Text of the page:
Power Apps portals new feature: portal web API read

The Power Apps portals web API is a gamechanger when extending or customizing Power Apps portals. Prior to the web API being available, you could only create or update Dataverse records using basic or advanced form submits, or creating a companion app or other questionable workarounds. The portal web API originally only had create, update, delete and associate action endpoints. What about the ability to read data? For most cases, you could use Liquid to fetch any Dataverse data that you needed to work with. While this worked for many cases (and you could also create your own data-retrieval api to get data) there are cases where you might want to retrieve a value from Dataverse as part of a process on a portal page (e.g. getting a tax rate based on the province/state value entered by a user). Now the portals web API supports the *get* action and now provides full “CRUD” capabilities (create-read-update-delete).

Note: Looking to generate portal web API code (or other Dataverse API code?) then check out Guido Preite’s Dataverse Rest Builder! The tool is amazing and allows you to easily generate code (for lazy developers like me).

webapi.safeAjax({
	type: "GET",
	url: "/_api/avngr_classes(288631e3-68ff-e911-a811-000d3af43355)?$select=avngr_classname,avngr_confirmedregistrations,avngr_startdateandtime",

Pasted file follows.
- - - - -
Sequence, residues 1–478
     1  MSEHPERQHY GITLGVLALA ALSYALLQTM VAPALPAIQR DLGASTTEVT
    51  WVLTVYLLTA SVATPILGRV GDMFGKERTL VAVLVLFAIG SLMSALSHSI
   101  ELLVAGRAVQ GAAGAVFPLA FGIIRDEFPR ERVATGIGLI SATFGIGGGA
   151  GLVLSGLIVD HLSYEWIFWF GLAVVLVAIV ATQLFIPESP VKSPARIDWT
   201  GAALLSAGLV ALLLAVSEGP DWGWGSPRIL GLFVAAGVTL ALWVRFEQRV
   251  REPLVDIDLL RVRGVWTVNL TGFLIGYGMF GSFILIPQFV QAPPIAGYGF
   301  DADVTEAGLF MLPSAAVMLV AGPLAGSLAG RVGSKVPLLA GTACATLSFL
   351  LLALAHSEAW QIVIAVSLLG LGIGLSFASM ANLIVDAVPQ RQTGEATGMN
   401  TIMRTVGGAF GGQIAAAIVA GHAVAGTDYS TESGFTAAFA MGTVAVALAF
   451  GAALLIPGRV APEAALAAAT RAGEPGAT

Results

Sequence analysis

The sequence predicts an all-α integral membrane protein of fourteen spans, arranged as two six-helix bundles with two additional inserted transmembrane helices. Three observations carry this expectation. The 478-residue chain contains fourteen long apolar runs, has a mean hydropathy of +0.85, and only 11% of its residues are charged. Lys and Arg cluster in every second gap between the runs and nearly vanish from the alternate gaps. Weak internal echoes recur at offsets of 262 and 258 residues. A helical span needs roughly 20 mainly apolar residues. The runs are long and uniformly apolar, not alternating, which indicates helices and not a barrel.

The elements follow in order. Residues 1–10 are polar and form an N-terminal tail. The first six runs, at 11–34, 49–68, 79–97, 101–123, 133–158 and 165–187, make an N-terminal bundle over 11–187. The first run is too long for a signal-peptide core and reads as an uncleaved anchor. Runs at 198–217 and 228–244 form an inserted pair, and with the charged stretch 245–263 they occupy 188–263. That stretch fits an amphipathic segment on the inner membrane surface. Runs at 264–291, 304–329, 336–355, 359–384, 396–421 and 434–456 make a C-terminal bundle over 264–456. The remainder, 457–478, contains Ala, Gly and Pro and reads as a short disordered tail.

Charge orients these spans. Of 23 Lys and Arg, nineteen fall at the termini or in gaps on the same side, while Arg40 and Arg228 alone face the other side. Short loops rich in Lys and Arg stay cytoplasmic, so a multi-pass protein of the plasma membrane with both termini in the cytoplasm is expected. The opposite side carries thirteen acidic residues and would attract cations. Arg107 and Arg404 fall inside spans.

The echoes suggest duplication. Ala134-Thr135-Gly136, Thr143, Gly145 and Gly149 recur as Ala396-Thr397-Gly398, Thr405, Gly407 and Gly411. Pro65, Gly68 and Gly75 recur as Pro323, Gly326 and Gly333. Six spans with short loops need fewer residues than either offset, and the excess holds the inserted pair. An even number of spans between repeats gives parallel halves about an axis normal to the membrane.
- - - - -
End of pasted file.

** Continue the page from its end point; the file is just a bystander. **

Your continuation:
contentType: "application/json",
	success: function (data, textStatus, xhr) {
		var result = data;
		console.log(result);
		// Columns
		var avngr_classid = result["avngr_classid"]; // Guid
		var avngr_classname = result["avngr_classname"]; // Text
		var avngr_confirmedregistrations = result["avngr_confirmedregistrations"]; // Whole Number
		var avngr_startdateandtime = result["avngr_startdateandtime"]; // Date Time
	}
});

Power Apps portals new feature: Add code components using Liquid

Another game-changer in extending Power Apps portals is the ability to add code components (formally known as PCF controls). The ability to add code components isn’t new to portals as you could add them to form fields via metadata configuration. However, this new ability allows you to add a code component via a Liquid tag, which means you can add a code component just about anywhere in portals where you can apply Liquid. The other amazing feature is that you write code components to use the full portal web API, so instead of being stuck with things like the standard basic or advanced forms to interact with Dataverse data, you could create your own custom control to pretty much do what you want. You can find a sample here but I am eager to see what other solutions the community can come up with.

Power Apps portals new feature: Deployment profiles of portals using Power Platform CLI